Metaframing marriage

From last week’s New York Times coverage of Michael Bloomberg’s speech on same-sex marriage:

The mayor also rejected one of the concerns raised by opponents of same-sex marriage: that it would infringe on religious freedom. He said that the measure envisioned by the governor and gay marriage advocates would not require any religious institution to perform or sanction a same-sex wedding. While emphasizing his “enormous respect for religious leaders on both sides of this issue,” the mayor framed same-sex marriage as a question of civil law, not faith.

To begin, it is a sad commentary on the state of the public discussion of same-sex marriage that Bloomberg needs to raise this point at all. Public policy regarding same-sex marriage can only possibly be about civil marriage: the legislature in Albany can no more require a religious organization to perform same-sex marriages than the Archdiocese of New York can ban the sale of contraceptives. This is an elementary point, yet public discourse about same-sex marriage marriage is almost always about marriage, full stop. The failure to insist on the very fundamental distinction between civil and religious marriage, whether as a result of carelessness or deliberate conflation, constitutes a major rhetorical victory for opponents of same-sex marriage.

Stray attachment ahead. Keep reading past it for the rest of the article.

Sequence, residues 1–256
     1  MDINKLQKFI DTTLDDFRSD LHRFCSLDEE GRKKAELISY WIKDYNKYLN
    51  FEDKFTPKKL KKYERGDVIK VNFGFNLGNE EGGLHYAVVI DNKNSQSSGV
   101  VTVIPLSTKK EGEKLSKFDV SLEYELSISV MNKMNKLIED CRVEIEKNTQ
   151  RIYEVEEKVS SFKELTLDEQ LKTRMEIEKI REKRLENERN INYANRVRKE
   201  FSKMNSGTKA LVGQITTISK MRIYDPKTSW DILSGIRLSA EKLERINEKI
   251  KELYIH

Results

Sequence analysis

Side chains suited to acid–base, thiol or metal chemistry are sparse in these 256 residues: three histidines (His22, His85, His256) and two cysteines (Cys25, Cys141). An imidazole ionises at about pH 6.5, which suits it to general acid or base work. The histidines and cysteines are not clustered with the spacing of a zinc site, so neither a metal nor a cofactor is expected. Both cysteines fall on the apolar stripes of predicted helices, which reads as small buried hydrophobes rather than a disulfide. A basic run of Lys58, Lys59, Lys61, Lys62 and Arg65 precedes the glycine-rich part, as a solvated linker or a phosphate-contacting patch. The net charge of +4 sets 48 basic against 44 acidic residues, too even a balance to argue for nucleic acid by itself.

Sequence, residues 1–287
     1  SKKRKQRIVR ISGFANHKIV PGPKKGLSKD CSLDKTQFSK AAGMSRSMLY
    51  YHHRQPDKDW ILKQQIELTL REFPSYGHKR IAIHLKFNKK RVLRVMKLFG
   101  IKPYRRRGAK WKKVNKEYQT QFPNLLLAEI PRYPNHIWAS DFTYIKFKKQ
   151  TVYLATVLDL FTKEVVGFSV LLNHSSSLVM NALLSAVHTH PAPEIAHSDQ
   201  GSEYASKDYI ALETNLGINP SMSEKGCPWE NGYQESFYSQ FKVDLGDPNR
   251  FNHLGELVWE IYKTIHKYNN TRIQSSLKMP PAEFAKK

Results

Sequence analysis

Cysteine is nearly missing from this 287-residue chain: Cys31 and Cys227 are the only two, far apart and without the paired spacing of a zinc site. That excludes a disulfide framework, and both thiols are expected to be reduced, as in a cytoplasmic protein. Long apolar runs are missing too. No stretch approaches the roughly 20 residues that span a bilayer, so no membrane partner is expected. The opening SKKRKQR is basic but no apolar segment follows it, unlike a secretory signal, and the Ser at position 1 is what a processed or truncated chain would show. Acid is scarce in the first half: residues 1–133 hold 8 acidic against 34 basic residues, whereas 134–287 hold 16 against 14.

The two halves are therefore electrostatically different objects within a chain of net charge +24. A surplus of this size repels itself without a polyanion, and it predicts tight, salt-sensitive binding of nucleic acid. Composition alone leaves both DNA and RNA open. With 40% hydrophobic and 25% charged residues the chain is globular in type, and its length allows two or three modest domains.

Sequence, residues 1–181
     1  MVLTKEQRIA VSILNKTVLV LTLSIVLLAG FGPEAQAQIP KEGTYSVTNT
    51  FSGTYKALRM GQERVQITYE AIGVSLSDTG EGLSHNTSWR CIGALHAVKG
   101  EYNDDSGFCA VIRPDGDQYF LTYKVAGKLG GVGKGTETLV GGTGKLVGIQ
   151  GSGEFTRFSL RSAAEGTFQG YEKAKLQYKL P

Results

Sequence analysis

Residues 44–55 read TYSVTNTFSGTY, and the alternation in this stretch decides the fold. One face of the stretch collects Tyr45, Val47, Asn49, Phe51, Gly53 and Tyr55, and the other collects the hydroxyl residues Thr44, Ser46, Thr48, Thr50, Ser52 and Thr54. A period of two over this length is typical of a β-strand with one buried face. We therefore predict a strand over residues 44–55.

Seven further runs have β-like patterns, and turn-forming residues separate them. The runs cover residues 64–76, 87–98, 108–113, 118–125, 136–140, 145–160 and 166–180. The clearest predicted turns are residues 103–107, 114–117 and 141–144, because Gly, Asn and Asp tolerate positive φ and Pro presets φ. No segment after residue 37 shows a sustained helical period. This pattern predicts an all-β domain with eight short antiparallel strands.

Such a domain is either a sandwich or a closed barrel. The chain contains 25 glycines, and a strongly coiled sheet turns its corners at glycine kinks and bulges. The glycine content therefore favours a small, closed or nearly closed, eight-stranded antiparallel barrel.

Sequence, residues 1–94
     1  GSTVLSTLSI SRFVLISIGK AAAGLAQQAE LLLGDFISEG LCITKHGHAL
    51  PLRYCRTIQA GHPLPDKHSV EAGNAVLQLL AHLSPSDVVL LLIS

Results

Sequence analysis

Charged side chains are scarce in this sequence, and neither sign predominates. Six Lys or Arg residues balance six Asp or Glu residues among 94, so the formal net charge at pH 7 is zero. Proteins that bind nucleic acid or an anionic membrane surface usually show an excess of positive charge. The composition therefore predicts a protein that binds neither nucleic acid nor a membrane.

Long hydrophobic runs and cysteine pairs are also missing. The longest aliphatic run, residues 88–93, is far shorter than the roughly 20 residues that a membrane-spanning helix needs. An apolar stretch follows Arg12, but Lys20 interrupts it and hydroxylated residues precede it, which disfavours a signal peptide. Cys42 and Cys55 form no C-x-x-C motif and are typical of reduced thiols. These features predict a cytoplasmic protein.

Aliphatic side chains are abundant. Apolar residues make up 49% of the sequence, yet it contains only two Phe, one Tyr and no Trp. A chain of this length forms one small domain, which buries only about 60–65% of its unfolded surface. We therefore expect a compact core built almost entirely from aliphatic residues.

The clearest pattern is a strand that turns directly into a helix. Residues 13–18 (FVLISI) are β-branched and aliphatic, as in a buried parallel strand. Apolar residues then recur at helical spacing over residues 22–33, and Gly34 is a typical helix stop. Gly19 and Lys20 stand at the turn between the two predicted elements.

It is thus disappointing to see the New York Times treat this distinction, and Bloomberg’s insistence on it, as an instance of framing in the final sentence above. To be sure, all political speech involves framing, and Bloomberg’s remarks are no exception. The use of the verb frame, however, implies strongly that Bloomberg’s views are simply one legitimate possibility among many, with no greater claim to validity than their opposite, when instead they proceed from the incontrovertible (if, for some, rhetorically inconvenient) fact that public policy regarding same-sex marriage is always and only about civil marriage, and cannot possibly have direct consequences for religious marriage. The NYT‘s formulation is doubly disappointing since, had the Times and other media outlets done a better job of reporting—and, indeed, framing—the issue over the past several years, it might not be necessary for someone like Bloomberg to provide the basic legal and factual framework that is a prerequisite for rational discussion of the issue.